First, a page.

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Friday, Jun 24, 2022

Weekly Briefing

Cynthia Vincent was not yet in her 30s when she began making clothes for retailer Fred Segal. Several years later, she had her own company, St. Vincent Inc., and a growing reputation as a creator of “whatever I feel is current,” clothes that are “slightly edgy with a classic element.” For all her success, she has faced a nagging problem: Many of her orders come in after her official order deadline. Vincent spoke with Karen Teitelman about her most frustrating business problem.

I started my business through Fred Segal. I was working for someone else at the time, and John Eshaya, a buyer for the store, wrote me an order for 20 units of a skirt. He asked me who to make the order form out to, and I said “St. Vincent.” My last name is Vincent and it just came to me out of the blue, I don’t know why. I produced the skirts on my own, basically working on weekends and at night. I shipped them to the store on a Friday and on the following Monday, John called me and said they had sold out. He reordered 70 units. We must have done the same skirt about 25 times.

My sister came on board as production manager and things just expanded from there. Three years ago, I left my job, hired my first sewer and became officially my own company.

One of the major obstacles is coordinating delivery times. Stores will often take a very long time to place an order, they will wait until the last minute. Generally this is because they are unsure of how their sales are doing. Though the climate of the economy is good, they are still hesitant to order.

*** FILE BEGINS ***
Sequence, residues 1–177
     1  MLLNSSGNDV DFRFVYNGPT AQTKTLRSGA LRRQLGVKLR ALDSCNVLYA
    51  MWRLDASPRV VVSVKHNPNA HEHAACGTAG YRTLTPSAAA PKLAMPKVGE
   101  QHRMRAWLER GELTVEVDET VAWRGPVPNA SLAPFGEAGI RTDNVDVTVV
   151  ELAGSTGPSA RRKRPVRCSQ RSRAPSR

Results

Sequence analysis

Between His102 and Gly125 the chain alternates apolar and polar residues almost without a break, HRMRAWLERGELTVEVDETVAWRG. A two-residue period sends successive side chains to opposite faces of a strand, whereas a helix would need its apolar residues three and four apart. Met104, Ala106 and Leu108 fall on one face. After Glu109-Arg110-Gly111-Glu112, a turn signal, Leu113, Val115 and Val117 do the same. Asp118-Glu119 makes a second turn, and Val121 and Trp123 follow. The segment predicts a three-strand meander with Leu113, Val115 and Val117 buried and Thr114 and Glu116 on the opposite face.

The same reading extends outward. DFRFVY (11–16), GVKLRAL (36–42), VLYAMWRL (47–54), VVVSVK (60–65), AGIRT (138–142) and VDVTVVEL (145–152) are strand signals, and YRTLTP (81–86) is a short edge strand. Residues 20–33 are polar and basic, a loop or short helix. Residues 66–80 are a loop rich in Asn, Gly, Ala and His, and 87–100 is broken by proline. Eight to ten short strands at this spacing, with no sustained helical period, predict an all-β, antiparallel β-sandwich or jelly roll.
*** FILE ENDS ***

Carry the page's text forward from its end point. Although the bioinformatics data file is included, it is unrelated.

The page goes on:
Scrambling to produce those goods in a timely manner is very difficult. I end up having to push my staff, my contractors and subcontractors anyone who does anything additional to the garment, like a snap very hard in order to meet the delivery times. For example, my cutoff date for placing orders for February deliveries was January 15. Well, I am still getting orders in fact, today (Feb. 9) I got a very nice order. Of course I want to accommodate the store, that is what I am here to do, but it makes it very difficult for us.

Things have improved in the last four or five months, as stores have come to see how my clothes are doing at the retail level, but it’s obviously not enough.

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